Agents For Writers: Should You Have One?

As a new author you may haven been frustrated to hear that you need an agent to submit to a publisher; however you can't find any agents who will look at unpublished authors.

As a new author you may haven been frustrated to hear that you need an agent to submit to a publisher; however, you can't find any agents who will look at unpublished auhors. What's going on? Do you need an agent or not?

The answer is different for everyone.

First of all, decide exactly what you want an agent to do for you? Do you want the agent to find the right market for your work and put it in an editor's notice? Or perhaps you've already sold one or two books but you want an agent to negotiate a better contract for you, one that will net you bigger advances and a bigger share of the royalty pie. An agent may also serve as an author's first reader and editor, helping to hone the book into publishable form. Then again, there are authors who want an agent to advise them on building their writing career from choosing projects through promotion.

If you plan to start in category, genre or series novels, byou may not need an agent since publishers' contracts are fairly standard for authors writing these books. They also are quite open to unsolicited submissions. The drawback is that your manuscript will go into a huge slush pile of submissions and it may take a long time to get a response. The same applies to e-publishers although their slush piles are usually not nearly so huge""yet.



If you are writing mainstream, many of the big publishers will not look at unagented material. They depend on agents whose judgment they trust to screen out the completely unsuitable submissions. Agents generally know which editors are looking for which type of manuscript and therefore, may be able to help you target your manuscript better.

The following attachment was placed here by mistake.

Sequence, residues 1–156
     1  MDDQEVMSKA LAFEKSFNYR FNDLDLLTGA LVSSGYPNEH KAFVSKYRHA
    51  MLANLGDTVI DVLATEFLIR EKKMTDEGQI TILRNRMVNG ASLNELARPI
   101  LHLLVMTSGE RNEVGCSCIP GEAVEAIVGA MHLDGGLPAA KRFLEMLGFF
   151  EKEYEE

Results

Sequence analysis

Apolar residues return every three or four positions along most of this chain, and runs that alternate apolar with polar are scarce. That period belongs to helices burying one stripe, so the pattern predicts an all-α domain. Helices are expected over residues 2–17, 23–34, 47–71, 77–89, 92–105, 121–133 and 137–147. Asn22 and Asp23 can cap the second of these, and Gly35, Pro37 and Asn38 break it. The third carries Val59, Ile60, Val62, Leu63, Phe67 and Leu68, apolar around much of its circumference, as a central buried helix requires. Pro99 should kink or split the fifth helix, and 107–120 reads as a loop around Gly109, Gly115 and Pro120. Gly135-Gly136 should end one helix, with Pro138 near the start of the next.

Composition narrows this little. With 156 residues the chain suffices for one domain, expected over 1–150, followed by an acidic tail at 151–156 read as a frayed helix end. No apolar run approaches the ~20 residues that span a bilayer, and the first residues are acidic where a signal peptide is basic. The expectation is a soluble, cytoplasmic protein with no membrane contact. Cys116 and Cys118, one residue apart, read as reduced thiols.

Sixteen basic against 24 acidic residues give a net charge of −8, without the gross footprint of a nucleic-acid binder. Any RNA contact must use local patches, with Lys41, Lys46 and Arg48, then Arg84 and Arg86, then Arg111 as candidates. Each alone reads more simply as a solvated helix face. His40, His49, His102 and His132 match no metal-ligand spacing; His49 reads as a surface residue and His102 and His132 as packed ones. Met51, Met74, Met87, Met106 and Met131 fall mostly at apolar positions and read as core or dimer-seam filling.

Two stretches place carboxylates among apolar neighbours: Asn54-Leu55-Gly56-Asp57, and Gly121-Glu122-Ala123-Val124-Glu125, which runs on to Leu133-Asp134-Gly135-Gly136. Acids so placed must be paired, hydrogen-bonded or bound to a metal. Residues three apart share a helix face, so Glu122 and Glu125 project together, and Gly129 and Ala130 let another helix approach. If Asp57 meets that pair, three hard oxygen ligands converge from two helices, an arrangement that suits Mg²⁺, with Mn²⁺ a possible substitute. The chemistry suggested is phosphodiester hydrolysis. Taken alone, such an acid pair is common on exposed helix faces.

Having a good agent is desirable. Having a bad agent is worse than being unagented. Be careful in choosing an agent. You want someone who is reputable and strong, but also-- someone who is a good match for you and what you want in a representative. Attend writer's conventions and talk to agents. Ask other writers what they do and don't like about their agents and other agents they may know of. Look in writer's reference books and websites for guides to agents.

Good, established agents are highly selective in the authors they take on. But it's important for the author to be equally selective. An agent is your representative who will look out for you, the author. A good match is important.

Agents earn their money by negotiating good contracts for their authors. They will receive a percentage of the money the publisher pays the author. Some charge a small fee to new authors to defray the cost of phone and postage. Reputable agents do not charge authors for representation however.

A contract with an agent should be carefully negotiated as well. It should spell out exactly how and when the association can be terminated. It should specify the percentage the agent will charge. (10-20 percent is normal).

For the author, who does their homework, an agent can be the first step on a rewarding career in writing.

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